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Washington Child Support Enforcement

A child support order in Washington is a legal obligation. If the non-custodial parent doesn't pay, he or she can be held in contempt and fined or sent to jail. Also, his or her license may be suspended and any professional license. A parent can also have criminal charges brought against them if nonpayment continues for an extended period of time.

Enforcement of Court Ordered Washington Child Support

The official child support enforcement agency for the State of Washington is the Division of Child Support (DCS). The Washington Division of Child Support is required by federal law to provide child support enforcement services free of charge and is funded by the federal government and the State of Washington.

What if the noncustodial parent lives on an Indian Reservation or is employed by a Tribal enterprise or an Indian-owned business located on a reservation or trust land?

DCS works with tribal governments to address those cases. DCS and the State Tribal Relations Unit work together to negotiate agreements and processes with Indian tribes. Some agreements include referring cases to the tribe or tribal court for the establishment or enforcement of child support.

Criminal Prosecution

If the court decides the non-custodial parent could pay some or all of the amount owed, the payer can be held in contempt. Penalties for contempt may include any of the enforcement methods listed here (like suspending a driver’s license), plus fines, jail time, and other penalties. Additionally, the non-paying can be charged with a misdemeanor or felony and face jail or prison time.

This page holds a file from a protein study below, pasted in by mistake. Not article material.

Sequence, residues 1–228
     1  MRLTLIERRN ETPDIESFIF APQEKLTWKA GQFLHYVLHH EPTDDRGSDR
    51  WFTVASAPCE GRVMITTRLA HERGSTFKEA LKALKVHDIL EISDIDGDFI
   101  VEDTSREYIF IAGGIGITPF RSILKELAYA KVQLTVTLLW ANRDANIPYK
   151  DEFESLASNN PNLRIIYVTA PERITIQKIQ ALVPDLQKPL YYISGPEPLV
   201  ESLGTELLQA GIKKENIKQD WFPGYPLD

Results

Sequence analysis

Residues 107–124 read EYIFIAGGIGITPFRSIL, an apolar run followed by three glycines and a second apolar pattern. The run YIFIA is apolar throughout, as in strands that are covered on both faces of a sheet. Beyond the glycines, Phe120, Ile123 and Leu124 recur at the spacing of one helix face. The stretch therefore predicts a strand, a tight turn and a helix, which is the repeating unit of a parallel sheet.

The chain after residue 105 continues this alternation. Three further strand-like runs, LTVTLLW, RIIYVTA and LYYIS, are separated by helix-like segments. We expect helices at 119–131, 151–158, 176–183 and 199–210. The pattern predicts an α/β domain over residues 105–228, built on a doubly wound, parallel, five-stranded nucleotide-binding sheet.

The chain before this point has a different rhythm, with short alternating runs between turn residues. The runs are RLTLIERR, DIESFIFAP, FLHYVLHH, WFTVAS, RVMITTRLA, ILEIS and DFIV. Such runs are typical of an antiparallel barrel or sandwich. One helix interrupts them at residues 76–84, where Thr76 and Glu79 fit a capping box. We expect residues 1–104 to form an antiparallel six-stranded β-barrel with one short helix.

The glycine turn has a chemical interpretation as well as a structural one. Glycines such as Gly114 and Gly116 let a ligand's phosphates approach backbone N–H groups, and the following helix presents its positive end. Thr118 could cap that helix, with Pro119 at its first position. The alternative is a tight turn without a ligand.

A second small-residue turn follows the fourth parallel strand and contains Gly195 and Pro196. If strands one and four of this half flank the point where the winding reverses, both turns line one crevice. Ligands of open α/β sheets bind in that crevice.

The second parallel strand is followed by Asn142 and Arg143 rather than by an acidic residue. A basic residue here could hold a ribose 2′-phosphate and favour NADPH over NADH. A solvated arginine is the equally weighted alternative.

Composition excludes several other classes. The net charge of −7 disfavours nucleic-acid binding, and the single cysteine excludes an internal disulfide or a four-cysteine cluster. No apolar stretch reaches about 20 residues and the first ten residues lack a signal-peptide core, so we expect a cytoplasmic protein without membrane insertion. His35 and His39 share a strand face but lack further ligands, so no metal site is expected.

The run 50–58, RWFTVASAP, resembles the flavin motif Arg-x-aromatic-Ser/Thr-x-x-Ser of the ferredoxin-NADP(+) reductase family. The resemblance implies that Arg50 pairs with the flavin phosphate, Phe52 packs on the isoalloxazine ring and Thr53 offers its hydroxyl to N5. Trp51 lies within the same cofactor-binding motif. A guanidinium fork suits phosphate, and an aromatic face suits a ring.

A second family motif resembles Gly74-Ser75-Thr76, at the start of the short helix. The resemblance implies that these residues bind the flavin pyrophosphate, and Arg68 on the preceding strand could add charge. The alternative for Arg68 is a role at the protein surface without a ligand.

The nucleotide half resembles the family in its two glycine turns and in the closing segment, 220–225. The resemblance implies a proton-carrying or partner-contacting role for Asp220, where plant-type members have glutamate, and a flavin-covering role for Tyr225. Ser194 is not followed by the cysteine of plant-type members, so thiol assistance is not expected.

Modifying an Order

If a parent is having problems making payments, he or she should contact the court immediately. The parent can always seek to modify their existing support order. This will require going back to court and explaining to the judge why you can’t make your payments. Only a judge can change the amount you owe under a support order.

The following table highlights the main provisions of Washington's child support enforcement laws.

See also Child Support Enforcement FAQs , How Do I Locate a Parent for Child Support, Enforcement and Collection of Back Child Support .

Code Section Chapter 26.18 RCW et seq.
Who is Responsible? Both Parents
Agencies Division of Child Support (DCS)
Remedies Available
  • Attach wages.
  • Attach unemployment compensation.
  • Attach workmen's compensation (Labor & Industries).
  • Attach pensions not protected under federal law.
  • Attach non-earned funds payable to the non-custodial parent.
  • Attach settlements as the result of lawsuits.
  • Attach funds in financial institutions.
  • File liens with county auditors where real or personal property is located.
  • File liens against vehicles or vessels licensed with the Department of Licensing.
  • Seize property held in safety deposit boxes.
  • Seize vehicles or other personal property for sale at public auction.
  • Request the suspension of drivers, professional and recreational licenses.
  • Refer cases for judicial enforcement.
  • Attach federal IRS income tax refunds and other federal payable funds.
  • Non-renewal of U.S. Passports.
  • Report debt to credit reporting agencies.
  • Post names to the DCS Most Wanted.
  • Refer cases to an Indian tribe for establishment or enforcement.
Interest on Missed Child Support Payments 12 percent

Federal Enforcement

If the non-custodial parent moves out of Washington, the support order can still be enforced in any other U.S. state under the Uniform Federal Family Support Act. If you need help locating the other parent, the federal government has a Federal Parent Locator Service .

Child support enforcement laws are complicated. You may wish to contact a family law attorney in your area.

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